Air France fined for activist harassment, discrimination on Israeli orders
A French court has convicted Air France of discrimination after a flight crew member interrogated an activist about her ethnicity then had her ejected from a plane headed to Tel Aviv, where she had planned to attend a rally.
Thirty-year-old French nursing student Horia Ankour proved in a French court that she was approached in April 2012 by a flight attendant and asked if she had an Israeli passport, and then if she was Jewish. Replying in the negative to both questions cost Ankour her seat on the plane. She was planning on flying from Nice to Tel Aviv to attend a solidarity initiative called 'Welcome to Palestine.'
“We cannot tolerate this kind of conduct on our territory,” state prosecutor Abdelkrim Grini said during the trial. “Today they ask you if you’re Jewish, tomorrow if you’re Muslim, after tomorrow if you’re homosexual or a trade unionist.”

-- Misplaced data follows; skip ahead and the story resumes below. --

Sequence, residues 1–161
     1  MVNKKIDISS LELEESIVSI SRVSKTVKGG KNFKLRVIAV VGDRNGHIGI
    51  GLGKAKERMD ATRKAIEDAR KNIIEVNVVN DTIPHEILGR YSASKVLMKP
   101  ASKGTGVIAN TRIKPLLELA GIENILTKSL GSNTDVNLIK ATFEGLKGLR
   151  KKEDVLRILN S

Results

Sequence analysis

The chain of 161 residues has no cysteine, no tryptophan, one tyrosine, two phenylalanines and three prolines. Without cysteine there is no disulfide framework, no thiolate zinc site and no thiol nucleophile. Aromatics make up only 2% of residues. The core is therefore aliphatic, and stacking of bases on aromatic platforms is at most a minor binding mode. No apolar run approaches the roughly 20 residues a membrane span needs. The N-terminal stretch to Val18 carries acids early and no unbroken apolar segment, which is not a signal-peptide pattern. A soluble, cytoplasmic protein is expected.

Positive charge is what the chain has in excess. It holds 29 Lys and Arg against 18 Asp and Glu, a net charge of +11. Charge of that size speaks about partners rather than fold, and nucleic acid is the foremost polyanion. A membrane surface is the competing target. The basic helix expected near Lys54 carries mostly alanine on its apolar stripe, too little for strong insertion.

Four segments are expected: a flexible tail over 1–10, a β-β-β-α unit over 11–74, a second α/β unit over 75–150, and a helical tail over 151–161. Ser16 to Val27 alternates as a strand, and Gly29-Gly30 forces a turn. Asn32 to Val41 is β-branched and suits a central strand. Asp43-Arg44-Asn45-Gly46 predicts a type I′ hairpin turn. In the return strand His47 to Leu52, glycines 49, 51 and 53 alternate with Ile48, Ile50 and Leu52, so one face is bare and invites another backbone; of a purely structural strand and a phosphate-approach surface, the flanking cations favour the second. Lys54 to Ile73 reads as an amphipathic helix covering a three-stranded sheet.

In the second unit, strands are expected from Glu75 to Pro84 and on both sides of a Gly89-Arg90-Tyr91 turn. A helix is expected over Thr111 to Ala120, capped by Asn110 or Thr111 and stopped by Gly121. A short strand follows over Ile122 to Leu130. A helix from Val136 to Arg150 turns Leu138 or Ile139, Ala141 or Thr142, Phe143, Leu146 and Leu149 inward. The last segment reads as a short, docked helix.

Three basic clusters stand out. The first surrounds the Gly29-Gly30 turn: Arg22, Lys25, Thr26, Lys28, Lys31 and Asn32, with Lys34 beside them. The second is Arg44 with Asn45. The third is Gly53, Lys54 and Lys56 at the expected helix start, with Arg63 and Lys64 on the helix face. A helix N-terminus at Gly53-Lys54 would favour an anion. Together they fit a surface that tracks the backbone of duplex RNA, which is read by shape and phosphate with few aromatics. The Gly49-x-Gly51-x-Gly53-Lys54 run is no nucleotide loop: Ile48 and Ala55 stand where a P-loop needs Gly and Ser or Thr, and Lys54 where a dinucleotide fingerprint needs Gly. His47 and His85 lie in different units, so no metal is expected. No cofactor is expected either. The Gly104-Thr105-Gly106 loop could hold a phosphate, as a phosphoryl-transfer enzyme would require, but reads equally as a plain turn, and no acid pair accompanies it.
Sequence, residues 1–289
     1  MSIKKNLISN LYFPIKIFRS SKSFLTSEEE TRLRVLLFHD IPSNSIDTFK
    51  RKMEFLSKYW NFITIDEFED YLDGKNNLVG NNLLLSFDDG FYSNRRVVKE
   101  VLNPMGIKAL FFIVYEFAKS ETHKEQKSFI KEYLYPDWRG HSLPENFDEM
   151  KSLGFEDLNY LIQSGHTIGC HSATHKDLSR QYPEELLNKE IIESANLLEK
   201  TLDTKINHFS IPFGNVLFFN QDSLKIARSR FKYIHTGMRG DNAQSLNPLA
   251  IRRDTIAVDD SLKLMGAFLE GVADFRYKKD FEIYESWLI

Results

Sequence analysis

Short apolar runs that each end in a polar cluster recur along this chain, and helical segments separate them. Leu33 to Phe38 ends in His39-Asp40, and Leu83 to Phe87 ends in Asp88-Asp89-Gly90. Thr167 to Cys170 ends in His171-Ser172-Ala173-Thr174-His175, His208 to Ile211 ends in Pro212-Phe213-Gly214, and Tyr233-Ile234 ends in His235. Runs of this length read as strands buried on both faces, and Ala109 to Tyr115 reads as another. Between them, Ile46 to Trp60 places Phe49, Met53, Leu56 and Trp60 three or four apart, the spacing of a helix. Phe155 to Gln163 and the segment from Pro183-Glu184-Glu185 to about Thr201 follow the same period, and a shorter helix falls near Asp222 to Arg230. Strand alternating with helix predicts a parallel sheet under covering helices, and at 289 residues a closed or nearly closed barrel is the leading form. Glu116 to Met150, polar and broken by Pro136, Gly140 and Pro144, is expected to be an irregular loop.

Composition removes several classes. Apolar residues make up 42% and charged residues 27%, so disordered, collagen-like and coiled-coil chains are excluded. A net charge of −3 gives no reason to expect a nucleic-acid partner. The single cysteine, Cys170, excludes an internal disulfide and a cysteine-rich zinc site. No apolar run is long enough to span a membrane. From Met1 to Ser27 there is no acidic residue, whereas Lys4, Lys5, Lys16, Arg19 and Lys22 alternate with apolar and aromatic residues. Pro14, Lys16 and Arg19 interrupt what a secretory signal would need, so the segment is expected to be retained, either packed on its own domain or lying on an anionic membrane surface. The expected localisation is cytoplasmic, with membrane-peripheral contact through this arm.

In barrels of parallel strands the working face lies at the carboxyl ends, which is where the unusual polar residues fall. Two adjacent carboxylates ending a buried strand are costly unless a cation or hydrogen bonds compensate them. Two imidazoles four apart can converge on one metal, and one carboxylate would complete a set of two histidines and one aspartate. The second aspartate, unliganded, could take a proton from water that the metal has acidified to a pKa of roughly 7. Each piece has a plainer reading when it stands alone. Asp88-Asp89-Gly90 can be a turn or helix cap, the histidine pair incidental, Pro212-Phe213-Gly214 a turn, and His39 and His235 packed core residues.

An Air France official stated shortly following the incident that the flight attendant's treatment of Ankour came "on demand from Israeli authorities and in their name," Le Monde Diplomatique reported at the time.
That claim was confirmed by Air France attorney Fabrice Pradon, who testified that the demand to interrogate Ankour came “directly from Israeli authorities.”
Ankour, like other activists who have experienced the same intimidation tactics and discrimination, was later sent a sarcastic letter from the Israeli government 'thanking' her for trying to come to Israel for humanitarian reasons, according to Israel Nation News.
She was also placed on an Israeli government list of “undesirables.”
Air France was ordered to pay 13,000 euro ($16,700) in fines, damages and interest in the Thursday ruling. Meanwhile, Pradon said the airline would appeal.